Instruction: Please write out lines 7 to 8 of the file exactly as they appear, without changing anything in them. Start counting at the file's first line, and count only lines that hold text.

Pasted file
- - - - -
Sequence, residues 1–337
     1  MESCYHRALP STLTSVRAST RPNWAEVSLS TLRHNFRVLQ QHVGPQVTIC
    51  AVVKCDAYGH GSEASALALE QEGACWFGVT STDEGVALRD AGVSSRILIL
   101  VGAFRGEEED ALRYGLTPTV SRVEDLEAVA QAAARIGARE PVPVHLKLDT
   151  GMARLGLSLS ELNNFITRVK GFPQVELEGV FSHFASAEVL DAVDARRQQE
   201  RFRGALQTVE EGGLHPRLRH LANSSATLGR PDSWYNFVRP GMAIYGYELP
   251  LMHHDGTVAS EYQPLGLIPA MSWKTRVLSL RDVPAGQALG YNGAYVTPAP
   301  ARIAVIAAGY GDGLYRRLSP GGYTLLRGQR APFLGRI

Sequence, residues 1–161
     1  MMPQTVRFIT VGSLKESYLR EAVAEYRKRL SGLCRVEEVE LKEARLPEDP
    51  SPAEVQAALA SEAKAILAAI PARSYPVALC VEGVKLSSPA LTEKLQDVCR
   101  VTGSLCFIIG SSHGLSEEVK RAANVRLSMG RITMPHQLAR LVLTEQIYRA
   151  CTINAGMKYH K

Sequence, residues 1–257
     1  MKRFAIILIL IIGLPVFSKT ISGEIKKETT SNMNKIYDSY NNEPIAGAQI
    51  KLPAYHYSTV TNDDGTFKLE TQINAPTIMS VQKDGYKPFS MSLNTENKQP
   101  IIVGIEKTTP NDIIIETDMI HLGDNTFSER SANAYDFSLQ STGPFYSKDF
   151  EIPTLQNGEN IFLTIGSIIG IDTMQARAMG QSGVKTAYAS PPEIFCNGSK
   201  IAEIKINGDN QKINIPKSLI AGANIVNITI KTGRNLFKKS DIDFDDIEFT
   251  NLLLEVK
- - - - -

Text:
   251  LMHHDGTVAS EYQPLGLIPA MSWKTRVLSL RDVPAGQALG YNGAYVTPAP
   301  ARIAVIAAGY GDGLYRRLSP GGYTLLRGQR APFLGRI